Figure Legend Snippet: CCR8 + T cells predominate in normal human skin. Analyses were performed with freshly isolated cells. (a) Flow cytometric detection of CCR8 (gray histograms) and CCR9 (bold line) in T cells isolated from human skin, lamina propria of small intestine, and peripheral blood. Peptide-blocked control for CCR8 staining is shown as a thin line. CD4, CD8, and CD3 denote the respective populations analyzed within the αβTCR + cell gate, and the numbers indicate percentages of CCR8- and CCR9-positive cells, respectively. Data for skin and intestinal cells are representative for nine and three donors, respectively. (b) Chemotactic migration of skin T cells, gated on CD4 + cells (black bars) and CD8 + (white bars), in response to chemokines as indicated. Values represent the percentage of migrated cells as a proportion of input cells, and control denotes the level of migration in the absence of chemokines. (c) Expression of CLA and CD45RA on CCR8 + skin T cells. Gates were set for CD4 + αβTCR + cells (CD4) and CD8 + αβTCR + cells (CD8), and the numbers refer to the percentage of cells within each quadrant. (d) Production of various cytokines by CD4 + (black bars) or CD8 + (white bars) CCR8 + αβTCR + skin T cells. Intracellular accumulation of cytokines in response to PMA/ionomycin was measured by flow cytometry and is expressed as percent cytokine-positive cells. Chemotaxis and cytokine production data are representative of four independent experiments.

Techniques Used: Isolation, Flow Cytometry, Staining, Migration, Expressing, Cytometry, Chemotaxis Assay

Analysis of T cell clones derived from skin CCR8 + T cells. Sorted CCR8 + T cells isolated from normal skin were cloned under nonpolarizing conditions. (a) For cytokine and (b) CCL1 secretion analysis, 6 CD4 + and 26 CD8 + T cell clones were stimulated with PMA/ionomycin for 24 h, and cell-free supernatants were tested in ELISA. (c) Expression of CCR8 by T cell clones, as determined by flow cytometry. Percent (%) CCR8 + refers to the fraction of CCR8-positive cells present within individual clones. (d) Detailed analysis of three clones representing high, intermediate, and low level expression of CCR8. Cells stained with anti-CCR8 antibodies (left, shaded histogram) or peptide-blocked anti-CCR8 (unshaded histogram). Numbers in parentheses indicate the clone number, whereas numbers above the gate lines refer to the percentage of cells positive for CCR8. The corresponding center panels show chemotactic responses of the same clones toward CCL1, expressed as the number of migrated cells counted (mean of triplicate wells ± SEM) in five high-power fields. Background migration in the absence of chemokine is indicated by open circles. The expression of CLA versus CD45RA, with the percentage of cells positive within each quadrant indicated (right).
Figure Legend Snippet: Analysis of T cell clones derived from skin CCR8 + T cells. Sorted CCR8 + T cells isolated from normal skin were cloned under nonpolarizing conditions. (a) For cytokine and (b) CCL1 secretion analysis, 6 CD4 + and 26 CD8 + T cell clones were stimulated with PMA/ionomycin for 24 h, and cell-free supernatants were tested in ELISA. (c) Expression of CCR8 by T cell clones, as determined by flow cytometry. Percent (%) CCR8 + refers to the fraction of CCR8-positive cells present within individual clones. (d) Detailed analysis of three clones representing high, intermediate, and low level expression of CCR8. Cells stained with anti-CCR8 antibodies (left, shaded histogram) or peptide-blocked anti-CCR8 (unshaded histogram). Numbers in parentheses indicate the clone number, whereas numbers above the gate lines refer to the percentage of cells positive for CCR8. The corresponding center panels show chemotactic responses of the same clones toward CCL1, expressed as the number of migrated cells counted (mean of triplicate wells ± SEM) in five high-power fields. Background migration in the absence of chemokine is indicated by open circles. The expression of CLA versus CD45RA, with the percentage of cells positive within each quadrant indicated (right).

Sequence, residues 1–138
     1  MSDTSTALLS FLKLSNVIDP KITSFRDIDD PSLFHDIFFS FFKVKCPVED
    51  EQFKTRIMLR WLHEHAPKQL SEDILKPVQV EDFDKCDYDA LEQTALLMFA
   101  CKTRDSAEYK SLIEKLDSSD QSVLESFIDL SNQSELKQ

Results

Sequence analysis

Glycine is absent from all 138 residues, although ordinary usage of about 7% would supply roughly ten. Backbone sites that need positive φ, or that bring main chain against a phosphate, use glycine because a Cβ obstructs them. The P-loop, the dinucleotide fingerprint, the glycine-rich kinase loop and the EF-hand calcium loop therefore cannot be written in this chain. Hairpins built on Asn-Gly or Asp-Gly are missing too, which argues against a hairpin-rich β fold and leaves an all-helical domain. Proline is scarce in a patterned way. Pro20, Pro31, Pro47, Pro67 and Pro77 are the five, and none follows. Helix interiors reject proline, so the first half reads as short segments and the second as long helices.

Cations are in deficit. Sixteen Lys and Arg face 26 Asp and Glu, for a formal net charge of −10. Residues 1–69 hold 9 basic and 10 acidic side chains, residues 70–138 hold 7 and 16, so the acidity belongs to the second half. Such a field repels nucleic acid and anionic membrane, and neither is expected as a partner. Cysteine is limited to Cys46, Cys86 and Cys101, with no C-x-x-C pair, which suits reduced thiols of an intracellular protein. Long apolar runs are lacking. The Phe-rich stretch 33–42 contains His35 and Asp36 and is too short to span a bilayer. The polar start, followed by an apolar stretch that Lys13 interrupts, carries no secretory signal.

Techniques Used: Clone Assay, Derivative Assay, Isolation, Enzyme-linked Immunosorbent Assay, Expressing, Flow Cytometry, Cytometry, Staining, Migration

Related Articles

Clone Assay:

Article Title: A Skin-selective Homing Mechanism for Human Immune Surveillance T Cells
Article Snippet: .. Sorted αβTCR+ CCR8+ CD8+ or αβTCR+ CCR8+ CD8− skin T cells, or skin T cell clones, were stimulated with 10 ng/ml PMA, 1 μg/ml ionomycin, and 10 μg/ml brefeldin A (Qbiogene) for 4.5–10 h. After fixing with 2% paraformaldehyde for 20 min at 4°C and permeabilization with 0.2% saponin/2% FCS in PBS− , cells were stained with antibodies and analyzed by flow cytometry. .. Perforin was examined without prior cell activation.